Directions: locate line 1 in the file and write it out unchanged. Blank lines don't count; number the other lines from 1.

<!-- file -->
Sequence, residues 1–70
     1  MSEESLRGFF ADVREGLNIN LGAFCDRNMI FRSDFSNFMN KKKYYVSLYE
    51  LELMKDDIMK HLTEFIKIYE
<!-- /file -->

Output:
Sequence, residues 1–70